Understanding the symptoms of Covid-19, common cold and allergy
Ever since the pandemic broke out, some of my friends and family have been calling whenever they get a cough, runny nose, or sore throat. Of course, most of them are scared and stressed, and want to be reassured whether the symptoms point to a virus infection.
And that concern is perfectly natural. Which is why, to ease your mental burden, I want to point out some differences between an allergy/the common cold and Covid-19.
First of all, lets start with the common cold. Anyone and everyone can get a common cold. The symptoms are a runny nose with stuffy or blocked feeling, sneezing, watery eyes, a sore throat and sometimes a low-grade fever with a sense of being unwell.
The cough that we get with a cold is usually mild and has sputum with it. A cold usually lasts 7-10 days and goes away with or without medication. The fever is low grade or absent in common colds. Simple paracetamols with antihistamines will cure it.
In case of allergic rhinitis, the patient usually knows they have the allergies, yet they could forget that they had the same symptoms last year too! Usually, allergy symptoms can include sneezing with a runny nose, watery eyes, an itchy throat, but rarely a cough. This happens when exposed to dust, or some smell, or foods. It may also be triggered by weather changes like rain, heat, or cold. Allergies do not cause a fever.
Patients with allergic rhinitis should start their regular anti-allergic meds if they get an episode. This will help to reduce or even control the situation.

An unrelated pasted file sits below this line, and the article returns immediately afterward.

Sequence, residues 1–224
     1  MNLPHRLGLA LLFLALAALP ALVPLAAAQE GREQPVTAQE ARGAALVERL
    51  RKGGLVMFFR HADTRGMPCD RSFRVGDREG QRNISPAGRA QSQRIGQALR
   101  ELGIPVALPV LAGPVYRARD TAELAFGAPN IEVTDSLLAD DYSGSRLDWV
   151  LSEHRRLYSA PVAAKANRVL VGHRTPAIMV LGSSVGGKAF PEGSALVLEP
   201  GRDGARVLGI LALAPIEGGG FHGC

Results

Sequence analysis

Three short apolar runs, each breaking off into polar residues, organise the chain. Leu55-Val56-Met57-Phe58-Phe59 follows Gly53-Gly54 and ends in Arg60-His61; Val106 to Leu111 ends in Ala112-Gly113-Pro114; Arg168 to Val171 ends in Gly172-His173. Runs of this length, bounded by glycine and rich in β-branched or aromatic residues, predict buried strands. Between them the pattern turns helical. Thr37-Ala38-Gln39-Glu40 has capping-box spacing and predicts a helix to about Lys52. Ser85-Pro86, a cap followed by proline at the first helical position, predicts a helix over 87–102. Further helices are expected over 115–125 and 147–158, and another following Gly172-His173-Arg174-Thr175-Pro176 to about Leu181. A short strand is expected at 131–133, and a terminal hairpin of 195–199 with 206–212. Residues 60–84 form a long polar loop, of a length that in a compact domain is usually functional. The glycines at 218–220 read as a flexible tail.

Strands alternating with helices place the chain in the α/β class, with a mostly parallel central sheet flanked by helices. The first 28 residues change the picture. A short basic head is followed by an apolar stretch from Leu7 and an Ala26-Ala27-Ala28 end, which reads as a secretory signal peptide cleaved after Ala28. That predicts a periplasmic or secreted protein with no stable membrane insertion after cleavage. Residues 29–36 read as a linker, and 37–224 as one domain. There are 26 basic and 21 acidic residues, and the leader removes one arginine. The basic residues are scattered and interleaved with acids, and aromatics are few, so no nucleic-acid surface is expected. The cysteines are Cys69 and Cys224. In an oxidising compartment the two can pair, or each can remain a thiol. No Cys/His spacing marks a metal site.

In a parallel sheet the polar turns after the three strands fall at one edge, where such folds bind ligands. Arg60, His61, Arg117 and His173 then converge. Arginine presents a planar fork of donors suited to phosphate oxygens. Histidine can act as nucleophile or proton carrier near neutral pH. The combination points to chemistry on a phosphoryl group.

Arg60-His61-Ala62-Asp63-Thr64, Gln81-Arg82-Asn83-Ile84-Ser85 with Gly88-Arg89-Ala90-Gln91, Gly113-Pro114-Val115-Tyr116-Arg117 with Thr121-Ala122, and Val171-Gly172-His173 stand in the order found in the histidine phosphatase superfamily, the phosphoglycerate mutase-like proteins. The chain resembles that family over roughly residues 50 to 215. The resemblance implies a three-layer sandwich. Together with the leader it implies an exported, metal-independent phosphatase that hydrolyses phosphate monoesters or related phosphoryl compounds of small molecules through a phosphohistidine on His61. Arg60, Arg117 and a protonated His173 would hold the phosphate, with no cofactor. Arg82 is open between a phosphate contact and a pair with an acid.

If this is new to you, try taking simple antihistamines, which are available over the counter or consult with your doctor over the phone.
Some patients with asthma are also worried when they are getting attacks, but please do not panic. Start your usual inhaler and if necessary, oral medications. For these patients, my advice is to keep your medications on hand.
Now, about Covid-19. According to the World Health Organization (WHO), the major symptoms are high fever, cough which is dry, and breathlessness, which is mild at first but gets worse with passing time. The cough is a persistent one and nothing will come out— i.e. there will be no sputum. Along with this, the patient will feel exhausted, lose appetite, and become weak.
The latest study also says patient may develop loss of smell, experience diarrhoea, and difficulty in breathing, when the infection gets worse.
If you have a fever above 101 degrees for more than few days with cough and breathlessness, start taking paracetamol to control the fever. Isolate yourself to a room with attached bathroom facilities, and maintain quarantine from other members of the house. If the symptoms persist and get worse, contact your doctor, who will then advise if you need to get tested. The important thing to remember is that even if you have Covid-19, most patients recover on their own. A very small percentage of infected patients need hospitalisation.
A few weeks ago, travel history was very important, but now, as the spread is community wise, we just have to be extra careful with our contacts and where we are going. Wearing masks is very important when we are around other people, along with social distancing and frequent hand-washing.
Keep a sanitiser with you at all times if you need to be out of the house, to avoid cross contamination through various surfaces., even money.